“The ultimate beneficiary from Africa’s energy poverty, particularly refined products, is Western oil companies,” the energy expert said.

One glaring example is the 4,128 km-long Trans-Saharan gas pipeline. It is supposed to link Nigeria to Algeria, passing through Niger and bring Nigerian and Algerian gas exports to Europe while simultaneously benefiting energy-poor African countries from Nigeria’s and Algeria’s plentiful gas reserves estimated at 206.53 trillion cubic feet (tcf) and 159 tcf respectively, the oil economist explained.

Although this pipeline was conceived in the 1970s, it is still at the drawing board stage despite many memorandums of understanding signed over the years, the latest in mid-February, Salameh pointed out, forecasting that “it won’t see the light of day even in the next 10 years.”

“Western countries have consistently ignored Africa’s energy resources for years declining to offer investments as long as they didn’t need these resources at the time,” he said. “But in the aftermath of the Ukraine conflict and having introduced sweeping sanctions against Russia, the European Union is trying to curry favor with African hydrocarbon producers to reduce its dependence on Russia’s gas and oil supplies.”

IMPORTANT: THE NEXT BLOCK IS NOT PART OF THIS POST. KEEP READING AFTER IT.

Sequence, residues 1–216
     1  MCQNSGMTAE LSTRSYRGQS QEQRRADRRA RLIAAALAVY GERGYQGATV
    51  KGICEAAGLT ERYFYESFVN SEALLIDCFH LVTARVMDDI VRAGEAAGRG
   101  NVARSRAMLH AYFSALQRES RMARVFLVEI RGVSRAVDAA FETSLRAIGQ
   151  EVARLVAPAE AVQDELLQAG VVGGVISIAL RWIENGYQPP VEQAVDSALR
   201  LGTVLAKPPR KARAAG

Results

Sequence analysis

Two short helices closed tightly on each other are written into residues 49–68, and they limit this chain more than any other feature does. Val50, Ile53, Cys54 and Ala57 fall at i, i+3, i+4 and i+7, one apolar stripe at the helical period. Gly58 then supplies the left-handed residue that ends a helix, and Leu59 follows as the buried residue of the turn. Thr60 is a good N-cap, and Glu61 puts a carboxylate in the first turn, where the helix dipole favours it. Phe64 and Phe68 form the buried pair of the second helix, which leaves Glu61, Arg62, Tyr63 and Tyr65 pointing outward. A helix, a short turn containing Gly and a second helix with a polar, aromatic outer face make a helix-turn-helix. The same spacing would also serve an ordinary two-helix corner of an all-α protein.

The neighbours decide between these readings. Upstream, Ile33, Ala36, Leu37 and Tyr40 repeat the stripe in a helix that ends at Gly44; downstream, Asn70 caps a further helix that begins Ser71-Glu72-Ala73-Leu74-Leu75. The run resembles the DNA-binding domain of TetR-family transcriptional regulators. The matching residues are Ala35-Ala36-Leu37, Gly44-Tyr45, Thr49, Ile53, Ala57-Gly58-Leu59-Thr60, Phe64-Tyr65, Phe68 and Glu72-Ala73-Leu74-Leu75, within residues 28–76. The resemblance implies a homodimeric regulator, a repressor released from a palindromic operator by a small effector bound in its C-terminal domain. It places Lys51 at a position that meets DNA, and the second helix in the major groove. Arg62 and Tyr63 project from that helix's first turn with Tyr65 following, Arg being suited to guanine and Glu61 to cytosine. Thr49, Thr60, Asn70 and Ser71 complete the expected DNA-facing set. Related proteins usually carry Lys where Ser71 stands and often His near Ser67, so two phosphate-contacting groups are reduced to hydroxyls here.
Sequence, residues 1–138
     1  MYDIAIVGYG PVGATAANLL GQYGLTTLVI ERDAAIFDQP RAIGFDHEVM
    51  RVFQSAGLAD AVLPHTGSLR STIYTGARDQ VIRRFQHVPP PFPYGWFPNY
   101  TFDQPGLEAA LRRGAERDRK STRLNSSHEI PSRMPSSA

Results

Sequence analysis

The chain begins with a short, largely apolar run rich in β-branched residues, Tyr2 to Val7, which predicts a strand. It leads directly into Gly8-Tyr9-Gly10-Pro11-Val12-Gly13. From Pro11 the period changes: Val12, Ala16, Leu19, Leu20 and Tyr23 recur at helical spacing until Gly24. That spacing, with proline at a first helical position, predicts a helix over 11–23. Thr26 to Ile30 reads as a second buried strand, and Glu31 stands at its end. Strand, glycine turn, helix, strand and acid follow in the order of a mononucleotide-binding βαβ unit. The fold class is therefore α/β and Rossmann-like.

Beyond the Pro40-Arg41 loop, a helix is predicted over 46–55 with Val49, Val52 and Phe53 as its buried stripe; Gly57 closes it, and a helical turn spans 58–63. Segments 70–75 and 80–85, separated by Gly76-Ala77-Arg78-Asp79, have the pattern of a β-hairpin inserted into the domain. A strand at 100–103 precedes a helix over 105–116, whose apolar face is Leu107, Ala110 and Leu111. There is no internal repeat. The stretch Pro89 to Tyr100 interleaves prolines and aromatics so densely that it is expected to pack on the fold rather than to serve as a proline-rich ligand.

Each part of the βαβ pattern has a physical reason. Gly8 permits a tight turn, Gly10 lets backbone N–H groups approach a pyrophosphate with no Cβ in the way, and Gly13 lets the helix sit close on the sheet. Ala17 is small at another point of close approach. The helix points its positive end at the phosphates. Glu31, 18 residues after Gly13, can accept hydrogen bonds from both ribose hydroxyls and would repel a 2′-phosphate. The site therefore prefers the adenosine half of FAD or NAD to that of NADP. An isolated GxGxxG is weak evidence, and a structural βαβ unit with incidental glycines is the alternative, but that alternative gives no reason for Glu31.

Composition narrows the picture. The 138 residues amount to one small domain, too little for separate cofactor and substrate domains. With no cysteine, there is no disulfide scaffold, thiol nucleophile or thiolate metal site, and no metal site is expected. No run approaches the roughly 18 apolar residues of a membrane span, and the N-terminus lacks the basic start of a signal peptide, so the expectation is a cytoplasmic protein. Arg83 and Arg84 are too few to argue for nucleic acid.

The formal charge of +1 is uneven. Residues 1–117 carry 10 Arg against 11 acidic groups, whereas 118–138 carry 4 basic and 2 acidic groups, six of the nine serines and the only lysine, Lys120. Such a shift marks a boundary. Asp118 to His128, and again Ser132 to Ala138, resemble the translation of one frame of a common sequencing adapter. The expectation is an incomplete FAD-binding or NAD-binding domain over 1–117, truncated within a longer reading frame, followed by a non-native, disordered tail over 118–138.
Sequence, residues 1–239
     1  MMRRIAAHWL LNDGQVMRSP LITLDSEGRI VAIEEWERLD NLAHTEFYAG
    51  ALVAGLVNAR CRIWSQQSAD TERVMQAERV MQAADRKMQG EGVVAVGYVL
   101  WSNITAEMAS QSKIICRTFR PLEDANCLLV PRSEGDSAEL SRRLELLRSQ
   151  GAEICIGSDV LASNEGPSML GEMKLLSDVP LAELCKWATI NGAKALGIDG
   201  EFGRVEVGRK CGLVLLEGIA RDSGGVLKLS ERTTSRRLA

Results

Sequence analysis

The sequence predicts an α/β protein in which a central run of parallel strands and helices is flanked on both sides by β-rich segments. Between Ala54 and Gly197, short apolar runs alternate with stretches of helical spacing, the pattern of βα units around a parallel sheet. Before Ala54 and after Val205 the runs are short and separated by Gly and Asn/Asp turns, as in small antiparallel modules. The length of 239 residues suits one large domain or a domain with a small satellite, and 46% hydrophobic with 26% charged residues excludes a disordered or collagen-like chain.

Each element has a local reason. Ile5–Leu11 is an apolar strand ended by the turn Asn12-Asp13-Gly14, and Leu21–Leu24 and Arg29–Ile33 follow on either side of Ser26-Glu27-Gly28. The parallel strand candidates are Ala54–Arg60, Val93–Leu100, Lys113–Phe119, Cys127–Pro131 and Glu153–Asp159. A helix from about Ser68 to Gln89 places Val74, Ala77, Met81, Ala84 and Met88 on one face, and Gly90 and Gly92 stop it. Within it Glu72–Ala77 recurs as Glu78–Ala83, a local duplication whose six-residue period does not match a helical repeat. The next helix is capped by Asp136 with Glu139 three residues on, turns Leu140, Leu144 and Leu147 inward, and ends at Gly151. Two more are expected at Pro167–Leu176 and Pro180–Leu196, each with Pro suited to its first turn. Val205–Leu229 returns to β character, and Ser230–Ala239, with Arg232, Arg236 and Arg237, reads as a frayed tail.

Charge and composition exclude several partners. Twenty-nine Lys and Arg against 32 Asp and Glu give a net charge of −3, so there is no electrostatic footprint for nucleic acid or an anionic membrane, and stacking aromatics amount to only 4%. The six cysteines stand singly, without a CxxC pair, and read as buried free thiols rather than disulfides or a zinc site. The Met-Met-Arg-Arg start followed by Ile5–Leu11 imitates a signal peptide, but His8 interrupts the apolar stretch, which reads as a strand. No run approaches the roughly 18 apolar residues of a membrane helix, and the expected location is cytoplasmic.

The unfolding energy crisis offers new opportunities for Africa to develop oil and gas infrastructure and step up production of hydrocarbons. However, while African business leaders and policy-makers are brushing off the dust from their long-delayed energy projects, Western politicians and environmentalists have raised concerns about climate change issues, insisting that Africa’s consumption of fossil fuels could make matters far worse.

“The West puts so much importance on the climate change agenda in Africa,” said Salameh. “I would hazard two explanations for the West’s attitude. The first explanation is that the West is under the misjudged and erroneous view that any future energy assets – like investing in oil and gas production and building pipelines will end up after 2030 as stranded assets. The second explanation is a more sinister one, with the West wishing to keep African energy resources underground in order to satisfy its own appetite for energy in the future.”

Last month, US climate czar John Kerry discouraged investors from funding long-term gas projects in Africa, warning that they would be unable to recoup their investments beyond 2030. According to Kerry, it will be important to capture the emissions from gas after 2030, as the world is set to reach net-zero emissions in 2050.